While I love the enthusiasm for innovation being expressed in articles like this Gigaom piece by Jason Jacobs, CEO at RunKeeper, I’m also concerned about how it highlights a growing disconnect between the desires of Mobile App developers and the needs of patients and the healthcare industry.
Of course I am very biased on this (at 3G Doctor we let you access the advice of independent Doctors via your mobile) but it’s such a shame that the focus of this article is on the use of mHealth tech to replace rather than support and modernise existing evidence based care pathways.
“Imagine a day when your phone has all of your health information. It knows your goals, your time horizons and what activities you need to focus on to achieve those goals. It knows your schedule, whether you like to do things alone or in groups and who you like to train with. It knows what you eat, how much you’ve slept and all of your vital signs in real-time. Based on the information it collects, your phone will lay out a plan to help you live a healthier life. It will notify you when it’s time for an activity (i.e. taking a pill, going on a walk or taking your blood pressure), and adjust this plan as you go, based on what is and isn’t working”
To me this all presumes that citizens have bought in to the idea that they want to take orders from their mobile and that in the future there won’t be any competition for the mobile real estate.
Unfortunately there are an increasing number of ever more exciting multimedia mobile experiences that will distract individuals from the path that leads to good health and there is plenty of evidence that this future will be arrived at first (if we’re not there already) eg. alcohol and high-fructose corn syrup brands are far more advanced with their mobile strategies than healthcare providers.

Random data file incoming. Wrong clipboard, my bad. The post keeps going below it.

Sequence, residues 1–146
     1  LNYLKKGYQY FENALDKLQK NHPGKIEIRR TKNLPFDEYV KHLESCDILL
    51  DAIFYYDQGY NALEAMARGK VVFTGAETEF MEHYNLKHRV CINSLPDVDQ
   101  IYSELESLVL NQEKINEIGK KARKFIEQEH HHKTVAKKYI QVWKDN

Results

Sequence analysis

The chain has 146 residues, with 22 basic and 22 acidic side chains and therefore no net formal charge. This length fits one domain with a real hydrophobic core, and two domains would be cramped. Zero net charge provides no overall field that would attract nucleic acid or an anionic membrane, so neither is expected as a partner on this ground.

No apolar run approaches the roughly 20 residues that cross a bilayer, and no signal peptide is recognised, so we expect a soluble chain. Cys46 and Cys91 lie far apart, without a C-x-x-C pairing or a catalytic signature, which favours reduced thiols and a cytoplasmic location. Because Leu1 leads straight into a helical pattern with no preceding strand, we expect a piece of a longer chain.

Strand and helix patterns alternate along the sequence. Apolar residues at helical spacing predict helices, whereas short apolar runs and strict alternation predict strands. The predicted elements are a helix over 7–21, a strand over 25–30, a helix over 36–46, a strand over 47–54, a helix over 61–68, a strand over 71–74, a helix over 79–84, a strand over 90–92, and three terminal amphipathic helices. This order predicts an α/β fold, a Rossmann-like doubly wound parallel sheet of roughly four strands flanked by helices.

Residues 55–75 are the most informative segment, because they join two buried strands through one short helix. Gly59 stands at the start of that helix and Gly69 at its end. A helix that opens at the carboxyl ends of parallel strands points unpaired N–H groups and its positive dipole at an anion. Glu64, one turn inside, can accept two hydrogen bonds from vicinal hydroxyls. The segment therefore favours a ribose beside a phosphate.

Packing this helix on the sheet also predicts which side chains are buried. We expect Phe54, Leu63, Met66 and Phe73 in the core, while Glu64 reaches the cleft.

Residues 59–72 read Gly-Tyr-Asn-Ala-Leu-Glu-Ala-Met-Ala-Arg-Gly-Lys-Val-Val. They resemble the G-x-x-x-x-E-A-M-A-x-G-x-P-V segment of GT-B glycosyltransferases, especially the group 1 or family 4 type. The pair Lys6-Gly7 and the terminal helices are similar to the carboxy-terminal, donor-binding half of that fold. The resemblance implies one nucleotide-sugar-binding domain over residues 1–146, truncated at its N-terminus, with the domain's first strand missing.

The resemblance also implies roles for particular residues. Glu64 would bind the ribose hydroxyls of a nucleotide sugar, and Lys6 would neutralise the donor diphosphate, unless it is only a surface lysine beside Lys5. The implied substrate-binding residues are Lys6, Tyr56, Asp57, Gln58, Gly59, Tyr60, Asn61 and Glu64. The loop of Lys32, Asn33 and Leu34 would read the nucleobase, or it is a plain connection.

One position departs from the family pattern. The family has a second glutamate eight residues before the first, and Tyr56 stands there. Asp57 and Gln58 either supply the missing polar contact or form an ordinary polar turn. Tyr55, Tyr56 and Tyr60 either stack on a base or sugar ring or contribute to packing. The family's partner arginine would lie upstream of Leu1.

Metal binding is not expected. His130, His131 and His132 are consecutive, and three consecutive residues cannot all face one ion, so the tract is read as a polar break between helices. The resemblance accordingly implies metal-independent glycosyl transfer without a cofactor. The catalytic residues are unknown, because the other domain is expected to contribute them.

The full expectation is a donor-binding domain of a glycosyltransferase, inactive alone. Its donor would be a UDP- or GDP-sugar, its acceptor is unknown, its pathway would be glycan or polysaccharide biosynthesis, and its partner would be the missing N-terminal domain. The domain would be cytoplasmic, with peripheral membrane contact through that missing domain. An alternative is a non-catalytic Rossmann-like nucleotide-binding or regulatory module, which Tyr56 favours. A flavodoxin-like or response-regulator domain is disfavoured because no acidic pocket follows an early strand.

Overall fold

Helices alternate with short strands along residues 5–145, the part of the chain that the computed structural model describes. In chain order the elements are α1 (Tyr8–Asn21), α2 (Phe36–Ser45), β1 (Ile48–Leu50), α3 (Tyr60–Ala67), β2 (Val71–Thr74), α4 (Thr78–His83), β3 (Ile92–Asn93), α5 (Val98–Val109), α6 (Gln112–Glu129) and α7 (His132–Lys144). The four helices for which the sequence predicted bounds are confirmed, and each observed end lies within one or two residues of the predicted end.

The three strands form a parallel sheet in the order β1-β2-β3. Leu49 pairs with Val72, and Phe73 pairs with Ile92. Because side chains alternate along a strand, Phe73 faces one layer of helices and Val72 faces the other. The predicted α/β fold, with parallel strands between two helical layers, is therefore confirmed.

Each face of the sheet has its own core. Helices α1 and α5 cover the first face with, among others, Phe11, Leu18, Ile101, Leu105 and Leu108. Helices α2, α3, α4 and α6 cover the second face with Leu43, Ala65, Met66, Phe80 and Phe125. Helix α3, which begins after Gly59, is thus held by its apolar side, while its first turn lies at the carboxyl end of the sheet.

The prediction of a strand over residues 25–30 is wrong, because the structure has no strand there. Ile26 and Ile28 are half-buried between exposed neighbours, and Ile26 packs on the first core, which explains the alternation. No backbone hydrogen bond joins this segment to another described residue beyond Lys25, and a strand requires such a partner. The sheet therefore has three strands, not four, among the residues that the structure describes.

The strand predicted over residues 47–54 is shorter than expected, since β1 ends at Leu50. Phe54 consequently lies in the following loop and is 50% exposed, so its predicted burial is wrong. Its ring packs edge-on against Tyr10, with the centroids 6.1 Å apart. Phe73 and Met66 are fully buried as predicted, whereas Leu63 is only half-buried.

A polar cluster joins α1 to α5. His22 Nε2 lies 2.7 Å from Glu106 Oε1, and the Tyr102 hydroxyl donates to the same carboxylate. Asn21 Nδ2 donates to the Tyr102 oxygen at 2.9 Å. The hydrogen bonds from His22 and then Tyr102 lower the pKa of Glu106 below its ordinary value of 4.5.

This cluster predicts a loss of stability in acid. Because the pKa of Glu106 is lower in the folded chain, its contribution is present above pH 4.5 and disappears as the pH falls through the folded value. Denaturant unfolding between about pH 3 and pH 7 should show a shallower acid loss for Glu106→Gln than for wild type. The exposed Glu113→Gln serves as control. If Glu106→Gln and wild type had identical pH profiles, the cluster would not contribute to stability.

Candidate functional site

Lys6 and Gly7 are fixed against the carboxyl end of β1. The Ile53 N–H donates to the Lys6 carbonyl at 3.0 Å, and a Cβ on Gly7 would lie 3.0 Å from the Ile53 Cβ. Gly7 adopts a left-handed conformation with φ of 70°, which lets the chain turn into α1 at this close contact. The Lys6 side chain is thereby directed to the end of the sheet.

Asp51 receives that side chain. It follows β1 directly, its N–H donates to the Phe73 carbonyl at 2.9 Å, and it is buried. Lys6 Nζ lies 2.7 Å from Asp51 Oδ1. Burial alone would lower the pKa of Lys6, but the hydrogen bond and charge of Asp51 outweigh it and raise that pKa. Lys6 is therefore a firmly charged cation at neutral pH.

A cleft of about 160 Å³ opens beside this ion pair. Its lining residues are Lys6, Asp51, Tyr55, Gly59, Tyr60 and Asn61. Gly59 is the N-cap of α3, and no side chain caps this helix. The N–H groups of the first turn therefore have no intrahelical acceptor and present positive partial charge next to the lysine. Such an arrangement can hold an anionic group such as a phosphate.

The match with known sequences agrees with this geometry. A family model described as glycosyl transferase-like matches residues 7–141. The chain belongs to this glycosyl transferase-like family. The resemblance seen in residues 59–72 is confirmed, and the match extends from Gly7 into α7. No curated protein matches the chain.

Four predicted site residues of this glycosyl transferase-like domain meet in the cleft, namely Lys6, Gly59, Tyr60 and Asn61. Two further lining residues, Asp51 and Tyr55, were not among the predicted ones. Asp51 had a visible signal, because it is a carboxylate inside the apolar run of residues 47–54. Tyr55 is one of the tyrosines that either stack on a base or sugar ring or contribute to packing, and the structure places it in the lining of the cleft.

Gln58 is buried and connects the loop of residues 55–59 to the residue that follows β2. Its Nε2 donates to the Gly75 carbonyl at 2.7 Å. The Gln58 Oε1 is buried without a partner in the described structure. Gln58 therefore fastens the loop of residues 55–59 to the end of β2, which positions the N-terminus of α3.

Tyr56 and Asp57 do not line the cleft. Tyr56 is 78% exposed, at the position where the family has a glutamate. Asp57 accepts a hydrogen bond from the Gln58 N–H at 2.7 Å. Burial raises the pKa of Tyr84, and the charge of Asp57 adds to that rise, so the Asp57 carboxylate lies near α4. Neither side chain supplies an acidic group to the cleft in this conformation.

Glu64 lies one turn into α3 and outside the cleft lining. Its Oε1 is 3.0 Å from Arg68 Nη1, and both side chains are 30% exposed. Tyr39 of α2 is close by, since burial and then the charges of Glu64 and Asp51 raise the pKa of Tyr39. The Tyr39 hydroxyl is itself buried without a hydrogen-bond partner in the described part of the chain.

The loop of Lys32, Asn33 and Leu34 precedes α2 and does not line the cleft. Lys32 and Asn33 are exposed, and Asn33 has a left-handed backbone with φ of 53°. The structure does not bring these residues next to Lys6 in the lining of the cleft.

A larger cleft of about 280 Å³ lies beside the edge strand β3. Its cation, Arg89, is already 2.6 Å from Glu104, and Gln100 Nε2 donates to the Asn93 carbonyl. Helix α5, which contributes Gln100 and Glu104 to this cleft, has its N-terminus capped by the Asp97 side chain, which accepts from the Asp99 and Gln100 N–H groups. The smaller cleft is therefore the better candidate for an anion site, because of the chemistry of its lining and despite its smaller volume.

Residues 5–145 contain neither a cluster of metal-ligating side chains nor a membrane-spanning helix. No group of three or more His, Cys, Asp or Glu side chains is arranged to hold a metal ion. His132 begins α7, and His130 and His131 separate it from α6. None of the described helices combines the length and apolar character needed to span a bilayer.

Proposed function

To my mind this concept in the article fails because it is akin to someone in the 1920’s predicting that in the future Times Square will be filled with health food shops and adverts for ecologically sound and ethically sourced treadmills and exercise bikes…
“The more it learns about you and others like you, the more effective its guidance will become. There will be a day when the phone will be able to predict if a runner is on a path to overtraining”
There are simple blood tests that are already used by athletes to calculate this accurately, for the vast majority of people this is an easy to avoid problem that is knowingly being ignored (eg. anyone who’s registering for a marathon is being given guidance on preparation but unfortunately that doesn’t mean they’re all doing it).
“or tell someone who is trying to lose weight if he would get better results by adding another hour of sleep per night”
The vast majority of people trying to lose weight would benefit from getting another hour of sleep but knowing that information will very often not make a difference (they may have to get up early to go to work, they want to have a social life after work, they have children to feed/wash, etc).
All too often just knowing you need to do something is not the same as having the willpower or capacity to do it.